ÝSTANBUL – Turkish Daily News
Armenia’s economic growth and reforms have been remarkable in the past four years, but the country needs to normalize its trade relations with Turkey to further its economic development, said the International Monetary Fund (IMF).
In the latest IMF survey, the fund said over the past four years real GDP growth in Armenia has outpaced that of its neighbors and other low-income countries, averaging 12 percent a year.
“Also, since 2001, inflation has been low, at an annual average of 4 percent, and poverty and inequality have fallen rapidly. The government’s sustained commitment to economic stability and reform, especially since 2001, has been a critical element in this progress. Armenia is now at a cusp — more reforms can spur further gains, but faltering could put them at risk,” the fund said in an article on Armenia.
“At the same time, Armenia’s economic potential relies on an export-led development process that would benefit significantly from improved customs administration, normalized trade relations with Turkey, and a peaceful solution to the territorial dispute with Azerbaijan,” said the survey.
The fund said like many other constituent states of the former Soviet Union, Armenia experienced a major economic downturn after the Union’s dissolution. “Several early reforms, initiated in 1994-98, attempted to revitalize the economy. The reforms focused on privatizing land, holdings and small-scale enterprises as well as liberalizing prices, trade, and the foreign exchange regime. These policies allowed a shift to market prices and incentives, setting the stage for a period of market-driven capital formation. The economy rebounded in the second half of the 1990s, and annual inflation declined from triple to single-digit levels.” the report said.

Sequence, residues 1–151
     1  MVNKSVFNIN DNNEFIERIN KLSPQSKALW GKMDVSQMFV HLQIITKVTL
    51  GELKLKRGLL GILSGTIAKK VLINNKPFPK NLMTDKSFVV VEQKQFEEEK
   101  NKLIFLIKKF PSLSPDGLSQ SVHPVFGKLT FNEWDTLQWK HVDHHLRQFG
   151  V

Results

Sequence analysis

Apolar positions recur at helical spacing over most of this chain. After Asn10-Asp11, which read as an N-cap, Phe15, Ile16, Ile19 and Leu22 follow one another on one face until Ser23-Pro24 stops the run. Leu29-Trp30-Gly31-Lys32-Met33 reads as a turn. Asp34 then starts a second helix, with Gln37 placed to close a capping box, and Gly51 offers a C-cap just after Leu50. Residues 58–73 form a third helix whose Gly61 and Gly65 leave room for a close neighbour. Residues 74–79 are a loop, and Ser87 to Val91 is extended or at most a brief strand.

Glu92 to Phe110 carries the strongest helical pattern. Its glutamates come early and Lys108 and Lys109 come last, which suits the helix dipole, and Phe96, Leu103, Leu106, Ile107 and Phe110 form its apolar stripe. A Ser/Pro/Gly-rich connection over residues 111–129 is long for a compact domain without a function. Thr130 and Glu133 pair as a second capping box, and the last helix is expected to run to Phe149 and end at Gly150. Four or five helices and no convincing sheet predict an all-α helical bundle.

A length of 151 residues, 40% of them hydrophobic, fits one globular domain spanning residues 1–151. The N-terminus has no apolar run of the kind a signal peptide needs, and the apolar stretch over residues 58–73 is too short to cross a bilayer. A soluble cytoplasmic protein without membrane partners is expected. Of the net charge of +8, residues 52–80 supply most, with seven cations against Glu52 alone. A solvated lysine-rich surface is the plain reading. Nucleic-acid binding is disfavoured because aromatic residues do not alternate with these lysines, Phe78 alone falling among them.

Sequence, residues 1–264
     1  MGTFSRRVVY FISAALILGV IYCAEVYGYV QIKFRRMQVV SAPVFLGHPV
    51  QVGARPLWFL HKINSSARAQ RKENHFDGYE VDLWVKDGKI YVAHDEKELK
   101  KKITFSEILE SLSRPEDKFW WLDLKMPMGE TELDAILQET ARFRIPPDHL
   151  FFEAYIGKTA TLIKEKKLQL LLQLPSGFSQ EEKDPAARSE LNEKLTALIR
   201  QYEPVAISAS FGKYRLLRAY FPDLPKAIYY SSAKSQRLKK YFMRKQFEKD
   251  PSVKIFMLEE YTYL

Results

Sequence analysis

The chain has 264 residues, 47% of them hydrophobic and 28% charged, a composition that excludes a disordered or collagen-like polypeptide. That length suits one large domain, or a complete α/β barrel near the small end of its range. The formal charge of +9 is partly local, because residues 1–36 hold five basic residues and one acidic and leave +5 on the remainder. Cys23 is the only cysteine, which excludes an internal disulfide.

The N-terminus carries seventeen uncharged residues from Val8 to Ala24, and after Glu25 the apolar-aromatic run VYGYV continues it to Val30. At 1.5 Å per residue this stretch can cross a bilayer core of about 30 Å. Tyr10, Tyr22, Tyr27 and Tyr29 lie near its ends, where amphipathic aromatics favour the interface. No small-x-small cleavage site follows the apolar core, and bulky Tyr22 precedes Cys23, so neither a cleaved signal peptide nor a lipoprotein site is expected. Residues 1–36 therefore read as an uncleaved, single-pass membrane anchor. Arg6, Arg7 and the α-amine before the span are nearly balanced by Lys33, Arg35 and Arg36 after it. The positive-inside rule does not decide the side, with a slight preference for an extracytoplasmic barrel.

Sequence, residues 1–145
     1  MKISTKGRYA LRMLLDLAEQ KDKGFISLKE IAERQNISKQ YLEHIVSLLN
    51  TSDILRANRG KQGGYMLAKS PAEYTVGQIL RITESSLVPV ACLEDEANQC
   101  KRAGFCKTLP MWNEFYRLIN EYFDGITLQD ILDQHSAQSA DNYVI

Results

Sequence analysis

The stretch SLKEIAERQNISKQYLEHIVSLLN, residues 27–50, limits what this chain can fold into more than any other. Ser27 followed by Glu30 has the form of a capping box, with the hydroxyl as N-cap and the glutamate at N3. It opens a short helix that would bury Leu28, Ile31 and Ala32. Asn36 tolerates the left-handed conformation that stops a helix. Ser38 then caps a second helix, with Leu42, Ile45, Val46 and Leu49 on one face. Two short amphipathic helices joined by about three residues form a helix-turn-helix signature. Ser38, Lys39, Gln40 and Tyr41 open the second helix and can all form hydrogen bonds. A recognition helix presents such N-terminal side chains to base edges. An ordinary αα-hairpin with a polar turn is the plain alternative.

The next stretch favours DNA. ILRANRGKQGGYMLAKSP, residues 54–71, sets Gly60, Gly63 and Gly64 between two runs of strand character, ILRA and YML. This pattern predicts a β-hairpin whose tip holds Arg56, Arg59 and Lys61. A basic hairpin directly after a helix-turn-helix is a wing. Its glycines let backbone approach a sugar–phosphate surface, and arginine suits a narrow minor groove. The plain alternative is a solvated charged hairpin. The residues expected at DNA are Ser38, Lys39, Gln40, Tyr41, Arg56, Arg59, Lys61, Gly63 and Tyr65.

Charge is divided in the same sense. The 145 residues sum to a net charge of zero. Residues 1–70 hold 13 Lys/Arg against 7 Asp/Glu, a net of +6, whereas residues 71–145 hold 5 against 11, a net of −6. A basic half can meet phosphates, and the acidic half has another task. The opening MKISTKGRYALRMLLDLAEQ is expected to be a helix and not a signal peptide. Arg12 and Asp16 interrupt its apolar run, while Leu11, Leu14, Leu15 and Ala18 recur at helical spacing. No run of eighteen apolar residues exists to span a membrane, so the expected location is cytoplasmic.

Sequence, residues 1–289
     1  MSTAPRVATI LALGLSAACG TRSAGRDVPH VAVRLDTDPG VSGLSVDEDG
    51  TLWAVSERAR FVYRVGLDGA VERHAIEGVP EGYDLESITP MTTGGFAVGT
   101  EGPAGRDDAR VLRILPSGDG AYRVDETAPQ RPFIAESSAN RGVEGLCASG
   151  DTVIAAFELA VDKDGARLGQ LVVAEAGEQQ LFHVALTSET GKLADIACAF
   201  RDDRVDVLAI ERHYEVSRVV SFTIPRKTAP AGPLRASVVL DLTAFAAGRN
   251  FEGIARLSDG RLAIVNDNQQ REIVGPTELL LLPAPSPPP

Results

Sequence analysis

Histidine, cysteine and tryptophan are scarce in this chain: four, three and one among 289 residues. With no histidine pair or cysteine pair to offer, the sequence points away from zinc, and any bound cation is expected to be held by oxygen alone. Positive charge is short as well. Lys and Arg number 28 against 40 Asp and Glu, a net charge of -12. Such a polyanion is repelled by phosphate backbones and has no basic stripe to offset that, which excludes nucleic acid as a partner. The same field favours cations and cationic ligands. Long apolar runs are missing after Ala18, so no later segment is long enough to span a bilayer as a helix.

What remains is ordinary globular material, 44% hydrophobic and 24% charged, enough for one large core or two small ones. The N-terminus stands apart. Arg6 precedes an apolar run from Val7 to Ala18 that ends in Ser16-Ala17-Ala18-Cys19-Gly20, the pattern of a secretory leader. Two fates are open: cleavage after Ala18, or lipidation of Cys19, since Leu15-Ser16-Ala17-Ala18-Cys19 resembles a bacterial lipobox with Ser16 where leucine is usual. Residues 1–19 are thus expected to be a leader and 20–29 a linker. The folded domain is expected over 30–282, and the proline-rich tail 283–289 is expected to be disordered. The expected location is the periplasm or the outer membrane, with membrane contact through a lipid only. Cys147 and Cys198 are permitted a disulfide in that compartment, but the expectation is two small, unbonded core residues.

As the 1990s ended, however, it was clear that imbalances continued to constrain economic performance. “Over 50 percent of the population still lived below the poverty line, and emigration continued. Armenia’s fiscal position was weak and hampered by a continuous accumulation of internal and external payment arrears. The banking sector also saw the collapse of about one-third of the country’s commercial banks. Lastly, corruption in state-owned energy and water companies generated large inter-enterprise arrears and a sizable quasi-fiscal deficit,” said the IMF in the survey.
In the face of these concerns, the authorities launched a renewed stabilization and reform effort in 2001 supported by the IMF’s Poverty Reduction and Growth Facility. Selected reforms were introduced in the fiscal, banking and energy sectors aimed at boosting growth through tax reform and deregulation, restoring confidence in fiscal management and improving expenditure control, restructuring the energy sector and cleaning up the banking system.